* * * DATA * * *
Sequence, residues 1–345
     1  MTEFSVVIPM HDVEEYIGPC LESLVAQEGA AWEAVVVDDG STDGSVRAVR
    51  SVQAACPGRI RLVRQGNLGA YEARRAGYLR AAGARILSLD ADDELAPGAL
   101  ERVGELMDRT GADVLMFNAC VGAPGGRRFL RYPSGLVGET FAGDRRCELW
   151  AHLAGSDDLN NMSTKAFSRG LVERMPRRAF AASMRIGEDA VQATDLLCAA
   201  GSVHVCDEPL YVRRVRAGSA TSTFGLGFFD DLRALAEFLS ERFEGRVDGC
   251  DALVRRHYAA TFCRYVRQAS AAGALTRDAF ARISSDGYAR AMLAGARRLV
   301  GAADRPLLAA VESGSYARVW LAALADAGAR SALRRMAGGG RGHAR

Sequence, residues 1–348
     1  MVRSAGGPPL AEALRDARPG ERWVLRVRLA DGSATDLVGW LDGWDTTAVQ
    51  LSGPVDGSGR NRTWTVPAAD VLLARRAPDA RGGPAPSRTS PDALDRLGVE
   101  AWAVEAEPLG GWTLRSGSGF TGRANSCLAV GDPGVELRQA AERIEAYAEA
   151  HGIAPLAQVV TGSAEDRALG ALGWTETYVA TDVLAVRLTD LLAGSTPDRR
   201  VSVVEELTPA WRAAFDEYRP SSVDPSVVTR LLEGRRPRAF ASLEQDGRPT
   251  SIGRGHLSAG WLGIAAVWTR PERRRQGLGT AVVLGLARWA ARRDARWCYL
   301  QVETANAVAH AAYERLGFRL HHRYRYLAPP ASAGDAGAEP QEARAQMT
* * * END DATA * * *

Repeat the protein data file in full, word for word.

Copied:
Sequence, residues 1–345
     1  MTEFSVVIPM HDVEEYIGPC LESLVAQEGA AWEAVVVDDG STDGSVRAVR
    51  SVQAACPGRI RLVRQGNLGA YEARRAGYLR AAGARILSLD ADDELAPGAL
   101  ERVGELMDRT GADVLMFNAC VGAPGGRRFL RYPSGLVGET FAGDRRCELW
   151  AHLAGSDDLN NMSTKAFSRG LVERMPRRAF AASMRIGEDA VQATDLLCAA
   201  GSVHVCDEPL YVRRVRAGSA TSTFGLGFFD DLRALAEFLS ERFEGRVDGC
   251  DALVRRHYAA TFCRYVRQAS AAGALTRDAF ARISSDGYAR AMLAGARRLV
   301  GAADRPLLAA VESGSYARVW LAALADAGAR SALRRMAGGG RGHAR

Sequence, residues 1–348
     1  MVRSAGGPPL AEALRDARPG ERWVLRVRLA DGSATDLVGW LDGWDTTAVQ
    51  LSGPVDGSGR NRTWTVPAAD VLLARRAPDA RGGPAPSRTS PDALDRLGVE
   101  AWAVEAEPLG GWTLRSGSGF TGRANSCLAV GDPGVELRQA AERIEAYAEA
   151  HGIAPLAQVV TGSAEDRALG ALGWTETYVA TDVLAVRLTD LLAGSTPDRR
   201  VSVVEELTPA WRAAFDEYRP SSVDPSVVTR LLEGRRPRAF ASLEQDGRPT
   251  SIGRGHLSAG WLGIAAVWTR PERRRQGLGT AVVLGLARWA ARRDARWCYL
   301  QVETANAVAH AAYERLGFRL HHRYRYLAPP ASAGDAGAEP QEARAQMT